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There is no sugar-coating the weak economy

Regardless of the President’s claims, the economy is weak and the “recovery” is almost invisible to most Americans. 

Editorial Board   •   Washington Examiner

Sluggish EconomyDuring his 60 Minutes interview late last month, President Obama put an old and familiar rhetorical question to the voters: “Ronald Reagan used to ask the question, ‘Are you better off than you were four years ago?’…And the answer is, the country is definitely better off than we were when I came into office.”

Most members of the public do not share this view, according to this week’s Washington Post/ABC News poll. Only 22 percent surveyed agreed that they are “better off financially” than they were when Obama was inaugurated in January 2009 — including only 37 percent of Democratic partisans. This says a lot about how people feel, because six years ago, the nation was embroiled in the very financial crisis that Obama still cites to absolve himself from blame for America’s continued economic doldrums.

When pressed in the same interview, Obama had to concede that most Americans aren’t feeling the recovery he has been touting ever since the so-called “Recovery Summer” of 2010. That’s because for workers, there hasn’t been much of a recovery.

The U.S. economy did experience robust economic growth in the second quarter, but on Wednesday, the Commerce Department reported a drop in retail sales in September — a potentially worrying sign as the holiday shopping season approaches. Furthermore, fears are growing that the weak global economy could weigh down the U.S.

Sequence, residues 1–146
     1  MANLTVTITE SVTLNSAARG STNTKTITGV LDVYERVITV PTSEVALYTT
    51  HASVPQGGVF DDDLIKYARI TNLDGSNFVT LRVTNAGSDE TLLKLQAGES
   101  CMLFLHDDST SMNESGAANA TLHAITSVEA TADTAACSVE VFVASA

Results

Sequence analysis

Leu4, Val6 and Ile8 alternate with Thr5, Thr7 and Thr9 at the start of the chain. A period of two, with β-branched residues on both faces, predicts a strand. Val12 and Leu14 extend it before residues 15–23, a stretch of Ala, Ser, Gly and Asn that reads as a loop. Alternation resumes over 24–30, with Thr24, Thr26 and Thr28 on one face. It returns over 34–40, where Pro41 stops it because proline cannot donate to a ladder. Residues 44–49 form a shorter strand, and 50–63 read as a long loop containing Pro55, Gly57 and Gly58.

The stock market boom had been a sign of growing confidence among investors, but even that has been recently cast into doubt by repeated triple-digit bear-raids on the Dow that have wiped out all of the market’s gains for 2014.

Another bright spot has been the standard unemployment rate, which at just 5.9 percent last month has fallen off significantly since Oct. 2009. But that statistic doesn’t reflect the reality faced by many Americans.

For one thing, the rate fails to capture a strong current trend toward the substitution of part-time for full-time work. Even as the overall number of jobs in the United States recently surpassed the pre-recession highs of late 2007, the number of full-time employees in America last month was still about 2 million less than it was in September 2007. Part-time work, which jumped as the recession began, has remained at historically high levels, 2.4 million higher than it had been seven years earlier.

Nor does the unemployment rate capture the pessimism of Millennials and members of Generation X — those currently in their prime working years. According to the Bureau of Labor Statistics, there are about 5 million fewer people aged 25 to 54 with jobs today than there were when the recession began.

Third, the unemployment rate also doesn’t reflect the lower wages workers are making today. As the Washington Examiner’s Joseph Lawler has observed, median household income is still down 8 percent from 2007, and wages are currently just keeping up with inflation.

Finally, the unemployment rate can be deceptive because it goes down as people stop looking for work. Labor participation remains mired near a 30-year low.

Despite Obama’s efforts to talk up the nation’s economic performance, nearly six years into his presidency, it doesn’t feel like a recovery to many Americans.